PCDForum Column #48,    Release Date April 15, 1993

by Jorge G. Castañeda and Carlos Heredia

Mexicans, Americans, and Canadians have all been told by their governments that the recently negotiated North American free-trade agreement will benefit all. But what these governments have claimed is wrong. The negotiated agreement ignores the profound implications that flows of trade, capital, and investment bring with them. The argument is presented that as a commercial accord, NAFTA may disregard the considerably more complex and substantive social and political issues involved.

We are presented false choices for NAFTA: either this agreement or autarchy. Actually the choice is between the "bad" agreement already negotiated, a right-wing agreement of a neo-liberal Republican cast, and a "good" agreement, such as the social-democratic agreement on which Europe's economic integration is based. As the European's have recognized, a good agreement must encompass social issues and the relation between the state and the market.

The "bad" agreement lacks a regulatory framework, choosing to leave free trade exclusively to the free market. It deliberately avoids addressing other areas that will be affected by the commercial agreement: social, political, environmental and cultural. It fundamentally opposes the idea of planning, of choosing what each country will produce, of establishing how goals will be met, and of clarifying how certain sectors will be protected or exposed in order to reach long-term objectives.

The Mexican government asserted that Mexico did not need longer time spans for removal of restrictions or protection for its products, because the country was becoming part of the First World, competitive and modern. So there is no recognition of the disparities between Mexico and the United States.

A good agreement would recognize fundamental issues such as the costs of adjustment. Compensatory financing would ease the painful adjustments of integration, which will not be evenly distributed. Mexico's per capita income is eight to ten times less than that of the United States, its distribution of income is much more skewed, and levels of wages, productivity, efficiency and technology are clearly inferior. Other trade agreements, like the EC, have sought to redress such disparities by funding infrastructure, worker training, and technology transfer to bring less favored areas up to standard.

A good agreement would include a trilateral industrial policy, creating an alliance between the private sector and the three states to capture markets, develop technologies, and achieve dynamic competitiveness. An economic commission would be created to plan and monitor a regulatory framework.

Those who negotiated NAFTA almost completely ignored Mexico's main export: people. NAFTA currently says little about worker mobility. The governments are opening borders to goods and capital flows, while barring labor from entry. Mexico should have insisted on the gradual and selective liberalization of migration. A population flow that cannot be stopped or controlled has to be legalized; it is not possible to have an enormous undocumented population concentrated in 10 or 15 cities without consequential disturbances.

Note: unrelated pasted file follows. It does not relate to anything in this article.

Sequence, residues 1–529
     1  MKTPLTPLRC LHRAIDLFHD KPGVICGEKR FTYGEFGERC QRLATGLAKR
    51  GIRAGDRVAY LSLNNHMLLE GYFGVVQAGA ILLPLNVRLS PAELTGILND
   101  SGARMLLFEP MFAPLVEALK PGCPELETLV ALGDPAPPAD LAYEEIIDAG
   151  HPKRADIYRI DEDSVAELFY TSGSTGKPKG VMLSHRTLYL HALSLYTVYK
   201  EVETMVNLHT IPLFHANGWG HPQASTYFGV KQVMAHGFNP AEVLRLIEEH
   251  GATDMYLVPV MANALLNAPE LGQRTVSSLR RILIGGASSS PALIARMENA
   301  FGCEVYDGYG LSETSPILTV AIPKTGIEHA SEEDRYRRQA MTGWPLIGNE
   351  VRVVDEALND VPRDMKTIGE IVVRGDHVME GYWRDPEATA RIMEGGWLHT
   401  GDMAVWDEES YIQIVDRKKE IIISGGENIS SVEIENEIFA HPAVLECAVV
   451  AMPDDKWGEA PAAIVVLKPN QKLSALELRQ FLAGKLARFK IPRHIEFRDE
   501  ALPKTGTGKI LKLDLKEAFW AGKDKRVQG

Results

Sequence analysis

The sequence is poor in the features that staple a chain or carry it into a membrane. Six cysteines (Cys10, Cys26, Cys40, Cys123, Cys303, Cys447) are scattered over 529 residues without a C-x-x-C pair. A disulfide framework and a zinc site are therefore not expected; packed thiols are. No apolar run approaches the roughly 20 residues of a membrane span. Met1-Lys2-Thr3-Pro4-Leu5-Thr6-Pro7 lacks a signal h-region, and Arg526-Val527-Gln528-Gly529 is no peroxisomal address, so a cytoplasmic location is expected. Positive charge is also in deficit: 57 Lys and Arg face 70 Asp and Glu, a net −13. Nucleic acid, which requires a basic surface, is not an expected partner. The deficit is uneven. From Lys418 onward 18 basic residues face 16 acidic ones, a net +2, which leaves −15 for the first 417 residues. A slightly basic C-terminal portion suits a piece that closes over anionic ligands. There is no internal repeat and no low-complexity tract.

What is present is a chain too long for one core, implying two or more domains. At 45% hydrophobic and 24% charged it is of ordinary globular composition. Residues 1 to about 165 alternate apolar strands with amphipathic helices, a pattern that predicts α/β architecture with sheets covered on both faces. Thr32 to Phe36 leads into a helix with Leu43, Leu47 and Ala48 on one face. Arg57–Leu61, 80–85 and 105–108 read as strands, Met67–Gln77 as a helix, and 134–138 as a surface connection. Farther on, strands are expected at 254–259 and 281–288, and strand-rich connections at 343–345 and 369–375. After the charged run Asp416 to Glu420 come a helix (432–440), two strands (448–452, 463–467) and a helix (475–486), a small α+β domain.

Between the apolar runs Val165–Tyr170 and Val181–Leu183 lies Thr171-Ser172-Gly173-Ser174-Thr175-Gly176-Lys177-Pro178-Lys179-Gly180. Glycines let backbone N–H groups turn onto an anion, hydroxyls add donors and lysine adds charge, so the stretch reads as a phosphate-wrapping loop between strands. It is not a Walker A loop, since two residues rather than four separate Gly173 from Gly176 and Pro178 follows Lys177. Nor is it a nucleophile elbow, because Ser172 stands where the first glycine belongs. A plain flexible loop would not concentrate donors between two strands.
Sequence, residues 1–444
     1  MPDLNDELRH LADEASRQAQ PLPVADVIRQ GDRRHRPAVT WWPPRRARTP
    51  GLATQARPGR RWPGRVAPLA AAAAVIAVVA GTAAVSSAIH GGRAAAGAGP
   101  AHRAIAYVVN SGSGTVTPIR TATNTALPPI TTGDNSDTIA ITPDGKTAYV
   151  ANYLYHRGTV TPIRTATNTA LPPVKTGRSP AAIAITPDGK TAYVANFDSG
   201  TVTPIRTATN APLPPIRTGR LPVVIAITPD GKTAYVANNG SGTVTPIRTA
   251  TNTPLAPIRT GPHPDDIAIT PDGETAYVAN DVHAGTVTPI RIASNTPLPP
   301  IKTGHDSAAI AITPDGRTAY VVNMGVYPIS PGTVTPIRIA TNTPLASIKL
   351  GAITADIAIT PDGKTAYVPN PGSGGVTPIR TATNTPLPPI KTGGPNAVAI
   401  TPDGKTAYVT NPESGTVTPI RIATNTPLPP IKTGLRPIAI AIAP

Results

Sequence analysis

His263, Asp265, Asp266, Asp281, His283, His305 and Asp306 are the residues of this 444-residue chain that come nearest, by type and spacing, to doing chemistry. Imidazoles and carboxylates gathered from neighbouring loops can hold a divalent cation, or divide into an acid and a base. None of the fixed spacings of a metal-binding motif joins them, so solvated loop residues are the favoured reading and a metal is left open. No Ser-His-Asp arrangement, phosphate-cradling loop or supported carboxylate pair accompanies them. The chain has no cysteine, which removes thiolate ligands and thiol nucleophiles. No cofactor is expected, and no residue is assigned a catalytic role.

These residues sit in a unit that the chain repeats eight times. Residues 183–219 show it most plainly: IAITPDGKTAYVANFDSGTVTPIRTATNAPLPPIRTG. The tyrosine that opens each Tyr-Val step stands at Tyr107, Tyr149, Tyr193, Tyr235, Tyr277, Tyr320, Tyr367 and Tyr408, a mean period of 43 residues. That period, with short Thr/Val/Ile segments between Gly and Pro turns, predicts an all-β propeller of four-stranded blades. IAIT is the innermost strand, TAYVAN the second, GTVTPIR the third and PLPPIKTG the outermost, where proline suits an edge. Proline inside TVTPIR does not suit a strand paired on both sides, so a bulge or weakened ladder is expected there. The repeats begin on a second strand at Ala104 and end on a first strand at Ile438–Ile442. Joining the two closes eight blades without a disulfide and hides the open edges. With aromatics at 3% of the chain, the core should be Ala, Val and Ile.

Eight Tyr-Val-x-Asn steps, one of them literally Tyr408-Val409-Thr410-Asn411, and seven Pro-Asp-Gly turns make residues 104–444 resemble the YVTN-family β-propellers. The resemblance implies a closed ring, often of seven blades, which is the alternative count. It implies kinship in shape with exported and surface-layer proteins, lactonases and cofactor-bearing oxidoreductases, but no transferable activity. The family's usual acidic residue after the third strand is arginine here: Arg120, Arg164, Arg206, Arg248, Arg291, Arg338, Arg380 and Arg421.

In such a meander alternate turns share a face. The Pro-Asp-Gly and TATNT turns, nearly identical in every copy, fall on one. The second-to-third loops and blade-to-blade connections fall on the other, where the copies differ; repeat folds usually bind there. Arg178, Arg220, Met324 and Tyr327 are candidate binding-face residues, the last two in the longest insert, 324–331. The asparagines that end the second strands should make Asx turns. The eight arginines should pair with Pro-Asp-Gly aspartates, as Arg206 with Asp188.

Beyond labor legislation is the question of upward harmonization of labor standards like collective bargaining, labor tribunals, the right to strike, health and safety standards, and wider union freedom. Workers should be allowed to organize and negotiate collectively at a continental level. NAFTA allows General Motors to decide what to produce in North America and where, but does not create conditions so that workers in Michigan and Coahuila can act jointly to influence industrial policy and wages in their areas. Including a social charter is the best way of starting to minimize differences between productivity and wages. In the auto industry, a Mexican worker with equal productivity will earn a wage between 20 and 25 times less than that of the U.S. worker.

The current accord glaringly fails to defend environment and consumer concerns. A good agreement would establish an environmental and consumer protection charter. One of the biggest incentives for U.S. companies to move to Mexico is to evade environmental regulation.

Finally, a good agreement would provide a supra-national and autonomous dispute resolution mechanism. This mechanism would have the power to investigate violation reports, make rulings, and determine sanctions.

It is still possible to negotiate a new, progressive social compact. NAFTA need not divorce the free-trade agreement from labor, emigration, environmental, or human rights provisions on the ground that it is only a "commercial agreement." Indeed, economic integration cannot be expected to produce beneficial results if it is separated from questions of political and social integration. The architects of European integration have long recognized this. So must the architects of NAFTA.


Jorge G. Castañeda is visiting professor of public and international affairs at Princeton University. Carlos Heredia is a member of the Mexican Action Network on Free Trade and is currently associated with the Development Gap. This column was prepared and distributed by the People-Centered Development Forum based on their article "Another NAFTA" in World Policy Journal, Fall/Winter 1992.

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